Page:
How To Best Implement A Homeworking Policy

Get a free consultation

Working from home, or working remotely, is becoming more and more popular as technology advances and workers aren’t required to be present in the office as much.

The benefits for employees are obvious. No more treacherous commutes or office politics, access to home comforts throughout the day and flexibility to work hours that are more suited to their lifestyle.
This in turn creates a happier and healthier workforce who are more likely to stick with the company and even be more productive.

If you don’t currently have a homeworking policy in place, it may be time to start thinking about implementing one and offering it to those employees who are able to work remotely.
This will mean careful consideration as to which roles can be done from home as not all employees will be able to complete their work outside of the office.

First, you should consider the different definitions of home-working and which options you will provide to your employees. For example, will there be set days that each employee has the option to work from home, or is it open for them to decide as and when they will work remotely.
There may even be certain days when home-working is not permitted at all, such as the day of an in-house team meeting.

You will also need to decide how you will record and track remote working, particularly if there are not set days put into place, i.e. should your employees phone you in the morning of the day they are homeworking to let you know, or can they just drop you an email.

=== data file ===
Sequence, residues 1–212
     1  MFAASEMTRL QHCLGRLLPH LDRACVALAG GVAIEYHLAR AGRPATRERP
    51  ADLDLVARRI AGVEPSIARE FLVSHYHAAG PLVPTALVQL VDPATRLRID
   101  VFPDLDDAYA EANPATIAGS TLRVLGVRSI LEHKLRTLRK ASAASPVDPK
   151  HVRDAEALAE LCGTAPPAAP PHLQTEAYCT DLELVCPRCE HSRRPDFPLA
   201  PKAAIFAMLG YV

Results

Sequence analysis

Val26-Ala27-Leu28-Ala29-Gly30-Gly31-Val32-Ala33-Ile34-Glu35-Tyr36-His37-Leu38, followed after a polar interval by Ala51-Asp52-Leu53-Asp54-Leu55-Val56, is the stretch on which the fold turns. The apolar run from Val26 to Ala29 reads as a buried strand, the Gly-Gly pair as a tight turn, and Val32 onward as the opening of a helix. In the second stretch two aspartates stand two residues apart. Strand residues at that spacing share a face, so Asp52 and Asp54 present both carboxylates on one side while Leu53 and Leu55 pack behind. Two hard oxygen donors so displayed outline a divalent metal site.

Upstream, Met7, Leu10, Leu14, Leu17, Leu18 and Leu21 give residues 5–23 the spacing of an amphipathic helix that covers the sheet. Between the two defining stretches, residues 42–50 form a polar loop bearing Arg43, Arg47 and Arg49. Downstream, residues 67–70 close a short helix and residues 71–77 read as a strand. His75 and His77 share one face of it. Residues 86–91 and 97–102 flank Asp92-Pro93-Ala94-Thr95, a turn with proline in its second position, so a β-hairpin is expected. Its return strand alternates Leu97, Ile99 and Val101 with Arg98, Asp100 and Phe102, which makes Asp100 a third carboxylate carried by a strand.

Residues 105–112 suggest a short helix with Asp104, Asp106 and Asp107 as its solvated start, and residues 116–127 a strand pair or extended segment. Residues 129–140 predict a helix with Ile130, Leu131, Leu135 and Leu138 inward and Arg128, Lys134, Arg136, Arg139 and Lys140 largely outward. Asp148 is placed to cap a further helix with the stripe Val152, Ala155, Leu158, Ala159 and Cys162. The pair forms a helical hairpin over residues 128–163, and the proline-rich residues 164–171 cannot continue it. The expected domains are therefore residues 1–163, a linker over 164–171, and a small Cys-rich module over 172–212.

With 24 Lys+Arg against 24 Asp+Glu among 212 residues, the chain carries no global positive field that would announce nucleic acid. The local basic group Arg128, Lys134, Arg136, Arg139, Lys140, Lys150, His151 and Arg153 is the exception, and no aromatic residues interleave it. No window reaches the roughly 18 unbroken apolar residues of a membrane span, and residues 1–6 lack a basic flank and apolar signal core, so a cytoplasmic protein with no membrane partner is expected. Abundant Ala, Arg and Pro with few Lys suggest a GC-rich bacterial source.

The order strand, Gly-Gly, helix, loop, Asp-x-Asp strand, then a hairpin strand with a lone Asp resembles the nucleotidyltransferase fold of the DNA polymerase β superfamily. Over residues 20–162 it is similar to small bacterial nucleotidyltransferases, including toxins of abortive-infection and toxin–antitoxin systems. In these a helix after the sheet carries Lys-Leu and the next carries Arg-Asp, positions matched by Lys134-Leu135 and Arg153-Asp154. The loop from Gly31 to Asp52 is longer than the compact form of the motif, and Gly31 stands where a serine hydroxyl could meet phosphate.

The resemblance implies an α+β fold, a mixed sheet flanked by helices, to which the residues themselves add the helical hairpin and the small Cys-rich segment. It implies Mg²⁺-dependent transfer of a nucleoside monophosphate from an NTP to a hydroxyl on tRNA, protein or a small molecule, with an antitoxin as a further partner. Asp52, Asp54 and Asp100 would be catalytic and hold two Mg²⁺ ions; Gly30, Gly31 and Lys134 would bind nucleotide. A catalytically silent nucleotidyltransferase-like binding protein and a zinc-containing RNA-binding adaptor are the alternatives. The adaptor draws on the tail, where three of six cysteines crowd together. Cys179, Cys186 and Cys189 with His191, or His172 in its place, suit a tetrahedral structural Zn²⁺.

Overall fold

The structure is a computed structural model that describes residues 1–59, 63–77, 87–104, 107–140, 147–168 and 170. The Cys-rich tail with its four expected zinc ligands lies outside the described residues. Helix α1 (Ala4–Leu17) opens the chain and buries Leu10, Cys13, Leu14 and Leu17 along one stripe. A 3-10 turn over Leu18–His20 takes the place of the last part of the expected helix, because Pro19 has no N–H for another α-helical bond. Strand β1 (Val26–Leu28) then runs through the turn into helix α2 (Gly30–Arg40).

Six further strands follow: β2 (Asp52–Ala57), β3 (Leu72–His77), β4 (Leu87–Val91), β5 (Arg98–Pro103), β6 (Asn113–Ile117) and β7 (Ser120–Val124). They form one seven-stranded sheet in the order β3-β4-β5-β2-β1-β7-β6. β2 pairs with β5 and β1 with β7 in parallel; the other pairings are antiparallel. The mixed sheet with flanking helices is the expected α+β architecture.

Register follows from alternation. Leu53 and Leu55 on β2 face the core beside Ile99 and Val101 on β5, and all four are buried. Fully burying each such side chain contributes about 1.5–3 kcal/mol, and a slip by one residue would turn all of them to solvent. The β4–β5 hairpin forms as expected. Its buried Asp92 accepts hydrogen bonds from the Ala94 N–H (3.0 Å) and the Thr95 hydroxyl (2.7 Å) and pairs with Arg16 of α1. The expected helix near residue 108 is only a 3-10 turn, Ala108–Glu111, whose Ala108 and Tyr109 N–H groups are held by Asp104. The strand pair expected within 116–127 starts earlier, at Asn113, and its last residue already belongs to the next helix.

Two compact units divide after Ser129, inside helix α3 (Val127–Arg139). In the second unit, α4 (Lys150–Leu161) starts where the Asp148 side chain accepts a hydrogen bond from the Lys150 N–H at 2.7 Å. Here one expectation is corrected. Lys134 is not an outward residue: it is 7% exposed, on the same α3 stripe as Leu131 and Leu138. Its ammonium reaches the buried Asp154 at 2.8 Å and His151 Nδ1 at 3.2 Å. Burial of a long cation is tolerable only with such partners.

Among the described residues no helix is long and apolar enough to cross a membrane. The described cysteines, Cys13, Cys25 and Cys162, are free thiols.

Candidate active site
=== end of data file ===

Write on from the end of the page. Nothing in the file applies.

The best business practice would probably be to follow some sort of structure so that the business can manage it better.

Many companies that offer a remote working option will also provide those employees with company laptops and phones so that they are able to separate their home and work life. This may be too expensive to offer to all your employees, and you may decide that it isn’t necessary or that not all your employees want a work laptop or phone, but this is something that you should discuss with them as you don’t want to offer it to only a few as this could be viewed as discrimination or biased.

Working from home may even require a risk assessment to ensure that there are no health or safety hazards involved in your employees’ activities. However, remote working usually only involves office type tasks such as writing emails, making calls, putting together documents and other low risk activities so it shouldn’t be an issue.

Finally, your policy should also include information on how employees will be monitored and other expectations that are set to ensure that they are still being productive whilst at home.
This may include a weekly face to face check-in, regular phone calls when they are working from home, software that can track their progress throughout the day, or limitations on how many hours they can work from home every month.

You may also want to mention data protection, motivations for home-working, how you will handle non-performance, right to withdraw and how to request to work from home for those who are not provided with the option.

Remote working can be a win-win for employers and employees and with many companies now offering it as a workplace benefit, you could be missing out by not having a home-working policy in place.

If you require some external support with writing up your home-working policy, or you need some advice on how to manage home-workers, our HR consultants are at the other end of a phone whenever you need them.

Call us today on 0845 2626 260 to book a free consultation

Share this:

Our Clients

Berrys Fuelling Technologies Ltd
Birmingham Football Club
Age UK
Jemca Car Group
Costa Coffee
Wolverhampton Wanderers F.C.
Domino's Pizza
Lada Engineering Services Ltd